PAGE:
Guide to Use a DSLR Camera describes how a DSLR camera works and how you can exploit the features to 100% after knowing the basic principles of operation. Elementary knowledge on DSLR or Digital single-lens reflex camera, Basics of Optics are needed to be known by the reader in order to get most out of this Guide to Use a DSLR Camera. Primary audience of this guide are the new users.
Introduction to Guide to Use a DSLR Camera
We started talking about the basic operation of a typical DSLR camera from the article How to Use a DSLR Camera, where we have explained about the practical usage of the aperture settings like typically confusing things for an average new user. Secondly, we wrote in details about the Manual Modes of DSLR – the dial mode usually confuses most of the users.
The rest of the things are probably most important, users most commonly mess up with the settings. Every year how many DSLR units are sold is unknown to us, many be few millions; but actually even few hundreds can not take an photograph rightly in the next 5 years of usage.
Guide to Use a DSLR Camera
Any DSLR camera is equipped with at least the following modes : programmed (P), Shutter-priority (Tv), Aperture Priority (Av), Manual (M). In Program mode, the camera chooses both the time and aperture, while leaving the photographer the possibility of over-or under-expose and aperture settings. Typically, the half pressing the shutter button activates the exposure meter, which offers a menu; rotating the main dial in one way or the another we move to the two extremes of the scale. It is a generic program, it is valid for the most common DSLRs.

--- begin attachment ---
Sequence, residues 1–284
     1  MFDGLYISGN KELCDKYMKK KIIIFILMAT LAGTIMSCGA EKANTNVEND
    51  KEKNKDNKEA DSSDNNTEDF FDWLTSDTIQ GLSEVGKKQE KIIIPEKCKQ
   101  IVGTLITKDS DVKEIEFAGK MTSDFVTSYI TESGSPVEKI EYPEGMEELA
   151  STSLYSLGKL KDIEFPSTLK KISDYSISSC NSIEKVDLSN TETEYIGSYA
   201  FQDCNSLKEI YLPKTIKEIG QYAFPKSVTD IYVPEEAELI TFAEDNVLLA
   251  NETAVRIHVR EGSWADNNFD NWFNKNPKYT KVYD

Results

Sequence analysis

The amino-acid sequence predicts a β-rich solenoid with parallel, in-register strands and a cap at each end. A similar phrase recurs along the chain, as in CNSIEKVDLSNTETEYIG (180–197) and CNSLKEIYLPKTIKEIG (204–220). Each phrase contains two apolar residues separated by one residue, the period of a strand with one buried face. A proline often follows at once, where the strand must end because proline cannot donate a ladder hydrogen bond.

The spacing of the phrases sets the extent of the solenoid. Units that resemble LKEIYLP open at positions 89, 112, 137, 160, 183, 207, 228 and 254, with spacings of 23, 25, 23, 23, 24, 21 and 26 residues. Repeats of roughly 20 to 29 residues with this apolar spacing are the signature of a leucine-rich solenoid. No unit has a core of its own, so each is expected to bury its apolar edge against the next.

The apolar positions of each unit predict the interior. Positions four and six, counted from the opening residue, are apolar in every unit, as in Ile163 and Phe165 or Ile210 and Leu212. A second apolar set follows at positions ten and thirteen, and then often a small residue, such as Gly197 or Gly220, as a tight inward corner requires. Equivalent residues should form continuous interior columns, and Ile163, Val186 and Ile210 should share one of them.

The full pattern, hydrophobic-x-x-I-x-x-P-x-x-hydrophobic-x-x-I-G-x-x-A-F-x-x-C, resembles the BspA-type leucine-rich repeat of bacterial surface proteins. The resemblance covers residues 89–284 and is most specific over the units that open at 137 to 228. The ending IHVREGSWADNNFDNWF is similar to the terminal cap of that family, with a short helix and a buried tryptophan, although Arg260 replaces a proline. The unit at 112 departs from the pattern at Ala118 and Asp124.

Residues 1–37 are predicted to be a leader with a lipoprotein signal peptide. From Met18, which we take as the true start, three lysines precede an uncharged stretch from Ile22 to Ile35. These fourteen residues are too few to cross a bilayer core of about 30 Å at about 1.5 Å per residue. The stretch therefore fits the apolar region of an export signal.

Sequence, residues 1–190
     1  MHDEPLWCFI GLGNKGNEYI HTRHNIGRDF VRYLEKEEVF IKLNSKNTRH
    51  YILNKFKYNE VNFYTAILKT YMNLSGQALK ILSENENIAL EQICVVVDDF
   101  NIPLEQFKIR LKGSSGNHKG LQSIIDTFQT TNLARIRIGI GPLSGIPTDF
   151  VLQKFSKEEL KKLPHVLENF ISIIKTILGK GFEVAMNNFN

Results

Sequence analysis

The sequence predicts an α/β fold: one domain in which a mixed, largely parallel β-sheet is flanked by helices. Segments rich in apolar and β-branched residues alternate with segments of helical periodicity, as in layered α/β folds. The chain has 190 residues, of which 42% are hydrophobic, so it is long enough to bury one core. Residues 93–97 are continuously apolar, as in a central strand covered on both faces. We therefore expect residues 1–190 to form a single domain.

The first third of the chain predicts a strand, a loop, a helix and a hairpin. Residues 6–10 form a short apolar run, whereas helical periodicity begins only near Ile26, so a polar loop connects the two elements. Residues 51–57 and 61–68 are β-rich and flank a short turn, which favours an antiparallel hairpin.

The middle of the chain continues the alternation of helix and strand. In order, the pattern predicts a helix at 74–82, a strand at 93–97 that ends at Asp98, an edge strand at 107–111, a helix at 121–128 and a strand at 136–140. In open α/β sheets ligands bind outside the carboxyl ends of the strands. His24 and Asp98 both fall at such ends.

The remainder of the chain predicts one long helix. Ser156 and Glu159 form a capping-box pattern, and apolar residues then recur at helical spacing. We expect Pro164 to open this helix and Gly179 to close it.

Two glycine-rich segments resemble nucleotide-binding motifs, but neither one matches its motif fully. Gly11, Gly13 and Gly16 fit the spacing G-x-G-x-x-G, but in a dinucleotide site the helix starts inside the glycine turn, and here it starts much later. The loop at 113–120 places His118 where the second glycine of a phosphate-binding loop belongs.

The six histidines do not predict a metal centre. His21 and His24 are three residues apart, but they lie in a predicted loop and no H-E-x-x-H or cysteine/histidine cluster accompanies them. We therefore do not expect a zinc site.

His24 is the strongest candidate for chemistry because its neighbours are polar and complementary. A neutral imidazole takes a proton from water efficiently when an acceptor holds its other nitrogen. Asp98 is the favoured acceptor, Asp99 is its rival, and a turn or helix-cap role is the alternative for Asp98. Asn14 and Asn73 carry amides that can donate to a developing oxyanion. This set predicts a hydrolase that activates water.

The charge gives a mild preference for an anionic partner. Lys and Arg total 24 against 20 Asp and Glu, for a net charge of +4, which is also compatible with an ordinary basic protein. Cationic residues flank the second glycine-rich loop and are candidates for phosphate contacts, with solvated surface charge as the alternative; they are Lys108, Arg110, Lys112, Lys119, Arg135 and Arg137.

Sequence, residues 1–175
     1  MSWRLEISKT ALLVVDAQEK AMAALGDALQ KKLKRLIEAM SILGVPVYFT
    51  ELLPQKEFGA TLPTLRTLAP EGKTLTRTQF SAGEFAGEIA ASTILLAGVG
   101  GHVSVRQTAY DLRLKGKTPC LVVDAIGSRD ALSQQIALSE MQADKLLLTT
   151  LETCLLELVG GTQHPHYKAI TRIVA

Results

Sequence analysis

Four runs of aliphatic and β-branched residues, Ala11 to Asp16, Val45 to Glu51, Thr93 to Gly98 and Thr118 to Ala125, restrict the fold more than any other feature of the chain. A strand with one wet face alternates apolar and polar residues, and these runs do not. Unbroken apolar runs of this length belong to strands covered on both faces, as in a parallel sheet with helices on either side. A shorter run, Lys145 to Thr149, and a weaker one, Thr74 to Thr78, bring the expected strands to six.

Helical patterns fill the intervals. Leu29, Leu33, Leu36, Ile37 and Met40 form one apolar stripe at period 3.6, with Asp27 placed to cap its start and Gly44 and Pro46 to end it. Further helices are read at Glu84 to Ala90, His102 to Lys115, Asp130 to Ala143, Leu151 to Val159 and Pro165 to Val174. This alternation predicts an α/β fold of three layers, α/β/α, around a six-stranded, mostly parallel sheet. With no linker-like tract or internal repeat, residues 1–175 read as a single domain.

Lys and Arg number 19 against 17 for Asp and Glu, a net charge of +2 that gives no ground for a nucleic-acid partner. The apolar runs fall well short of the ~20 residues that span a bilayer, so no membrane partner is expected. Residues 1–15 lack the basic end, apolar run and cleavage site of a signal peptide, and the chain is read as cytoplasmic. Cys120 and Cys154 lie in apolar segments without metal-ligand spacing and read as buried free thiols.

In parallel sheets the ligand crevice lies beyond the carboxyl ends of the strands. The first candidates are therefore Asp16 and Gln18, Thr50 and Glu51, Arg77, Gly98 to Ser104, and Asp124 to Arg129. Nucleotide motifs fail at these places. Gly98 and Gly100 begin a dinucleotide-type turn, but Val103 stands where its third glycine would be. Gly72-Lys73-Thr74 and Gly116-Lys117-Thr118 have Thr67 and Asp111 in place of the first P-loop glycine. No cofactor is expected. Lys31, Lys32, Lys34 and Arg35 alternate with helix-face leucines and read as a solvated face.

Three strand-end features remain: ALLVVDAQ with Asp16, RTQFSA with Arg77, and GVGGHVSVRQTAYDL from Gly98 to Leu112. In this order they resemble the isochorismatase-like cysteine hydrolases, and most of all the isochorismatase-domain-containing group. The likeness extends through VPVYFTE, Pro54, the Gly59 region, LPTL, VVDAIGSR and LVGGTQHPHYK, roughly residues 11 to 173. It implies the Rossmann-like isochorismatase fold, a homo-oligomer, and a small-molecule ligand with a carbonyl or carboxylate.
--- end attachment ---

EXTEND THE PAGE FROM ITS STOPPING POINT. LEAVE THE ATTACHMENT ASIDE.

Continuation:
In shutter priority mode, the photographer selects the shutter speed and the camera will set the aperture accordingly (provided of course that it is possible). It is the best mode to focus on the movement of the subject, whether it is to be avoided depends on the situation – short time with moving subjects avoids camera shake or usage of a long time for a “panning”.
In aperture priority mode, on the contrary, the photographer chooses the aperture value and the camera therefore sets the other parameters. By controlling the opening controls the depth of field, this is the most suitable choice when the area of focus is essential to highlight, for example, in case of portraits. All of these programs allow in addition to the choice of the couple of settings, to make any exposure compensation.
In manual mode, finally, the photographer manually choose both time and aperture while the camera by itself a gives an indication of how much you are away from the value that it considers to be correct – typically via an indicator that moves on a scale with zero central. The right side of the scale, compensations are positive, corresponds to overexposure. Vice versa for the left side of the scale. The manual mode, in general has the advantage of allowing a lot of clicks over-or under-exposed and tweaking the exposure compensation can be used with other programs is in many cases are limited to ± 2 stops; in addition, does not automatically control the diaphragm, it allows measurements with different shots and allows to recompose the picture without losing the original setting.
Returning for a moment to the analogy of the glass filled with water, the sensitivity or ISO represents the size of the glass. High sensitivity means that less light will be needed to get the right exposure. The sensitivity is measured in ISO and the most common values ??are: 50, 100, 200, 400, 800, 1600, 3200. Going from a higher sensitivity the necessary light is halved. Assuming that you have mounted a lens of maximum aperture f / 4, switching from ISO 100 to ISO 1600 means to go to 1/15 of a second – that is, a photo almost certainly will get shake efects if you are not using a tripod. It would seem that using the high sensitivity is always advisable. In reality, the higher the sensitivity also increases the “digital noise”, which worsens the quality drastically. In principle, the sensitivity must therefore be adjusted to the minimum value that guarantees of being able to use the safety time without noise.
Remaining parts are exposure metering, White balance – which although has been discussed before; will be discussed for the new DSLR users again to complete the part of operation of a typical DSLR which is the basic target of this series on Guide to Use a DSLR Camera.